• Hiring guidelines. International background, experience and interests are among the criteria upon which faculty candidates are evaluated.

  • Faculty mobility. Faculty have opportunities to teach, conduct research and attend conferences abroad. Administrative and funding mechanisms support faculty participation in outside programs (e.g. Fulbright).

  • On-campus professional development.  Workshops, seminars and other programs help faculty build international competence and incorporate international perspectives into their teaching. 

Student Mobility

Student mobility, which refers both to the outward flow of domestic students to other countries to engage in an education abroad experience and the inward flow of international students to study at U.S. campuses, is often a focus of internationalization efforts. Orientations, re-entry programs and other support structures and activities help facilitate student adjustment and maximize learning.

  • Credit transfer policies. Students can easily earn credit for study abroad through approved programs.

  • Financial aid and funding. Student financial aid is applied to approved study abroad programs, and resources are available to help students locate additional funding. Scholarships and other funding are available for international students.

  • Orientation and re-entry programs. Orientation and re-entry programs help students maximize learning during study abroad, and integrate knowledge gained into their overall program of study. Academic and cultural orientation sessions are provided to all incoming international students.

  • Ongoing support and programs for international students. Academic and social support structures and programs facilitate international students’ full integration into campus life.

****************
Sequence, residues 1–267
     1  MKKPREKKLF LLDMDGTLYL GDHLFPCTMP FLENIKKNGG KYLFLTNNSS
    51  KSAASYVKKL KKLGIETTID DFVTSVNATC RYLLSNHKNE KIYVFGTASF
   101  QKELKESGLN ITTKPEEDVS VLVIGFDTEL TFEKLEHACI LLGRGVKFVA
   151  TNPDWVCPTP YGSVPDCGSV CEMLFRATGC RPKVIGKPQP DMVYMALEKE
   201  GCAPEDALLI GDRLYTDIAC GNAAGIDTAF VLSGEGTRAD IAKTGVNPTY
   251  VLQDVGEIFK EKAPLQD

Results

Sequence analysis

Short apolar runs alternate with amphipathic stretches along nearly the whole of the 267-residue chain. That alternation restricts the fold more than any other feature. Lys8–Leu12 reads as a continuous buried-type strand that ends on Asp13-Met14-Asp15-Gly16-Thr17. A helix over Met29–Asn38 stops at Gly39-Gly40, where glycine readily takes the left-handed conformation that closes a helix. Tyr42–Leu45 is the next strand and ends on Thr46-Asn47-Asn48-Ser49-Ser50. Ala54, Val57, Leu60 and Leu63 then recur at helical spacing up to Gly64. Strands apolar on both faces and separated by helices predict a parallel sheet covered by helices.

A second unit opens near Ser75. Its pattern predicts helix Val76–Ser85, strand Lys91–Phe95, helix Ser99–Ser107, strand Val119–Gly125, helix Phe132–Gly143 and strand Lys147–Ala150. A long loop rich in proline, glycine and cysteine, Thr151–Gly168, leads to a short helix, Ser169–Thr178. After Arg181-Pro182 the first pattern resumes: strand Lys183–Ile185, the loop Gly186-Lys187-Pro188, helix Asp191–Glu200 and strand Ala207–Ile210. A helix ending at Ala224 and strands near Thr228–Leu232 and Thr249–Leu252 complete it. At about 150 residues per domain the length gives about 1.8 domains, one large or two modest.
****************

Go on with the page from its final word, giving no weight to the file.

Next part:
Collaboration and Partnerships

Establishing and managing successful collaborations and partnerships abroad is a key aspect of internationalization for many institutions. Such relationships can provide international experiences for students and faculty, enhance the curriculum, generate revenue, and raise the visibility of institutions at home and around the world. ACE recommends a 4-step approach for creating and managing international partnerships:

  • Step 1: Strategic planning. Partnerships and collaborations should be based on a careful planning process that clarifies international goals and objectives, particularly with respect to student learning outcomes. International collaborations should align with overall institutional mission and priorities, and should take into account availability of financial and personnel resources.

  • Step 2: Review possible structures. International collaboration can take many forms, and institutions should become familiar with a variety of options before talking to potential partners. Some modes of engagement will likely emerge as a better institutional fit than others; some may be rejected outright, and others may only be appropriate for partners that meet certain criteria.

  • Step 3: Identify potential partners. It is important to analyze the higher education context in target countries,  including policies, priorities, structure, and operations.  A careful analysis can eliminate certain types of institutions as potential partners and make others a higher priority. Peer institutions in the U.S. can provide useful information on potential partners abroad, and conferences often include opportunities for direct networking with institutional representatives from other countries.

  • Step 4: On-going management.  As partnerships proliferate, institutions may find themselves with too many MOUs – often of varying scope and effectiveness.  Another common situation is for partnerships based on a personal connection to dissipate once that connection is no longer active.  Centralized coordination, engaging a broader base of faculty support, and designating certain relationships as “strategic” can help mitigate these issues.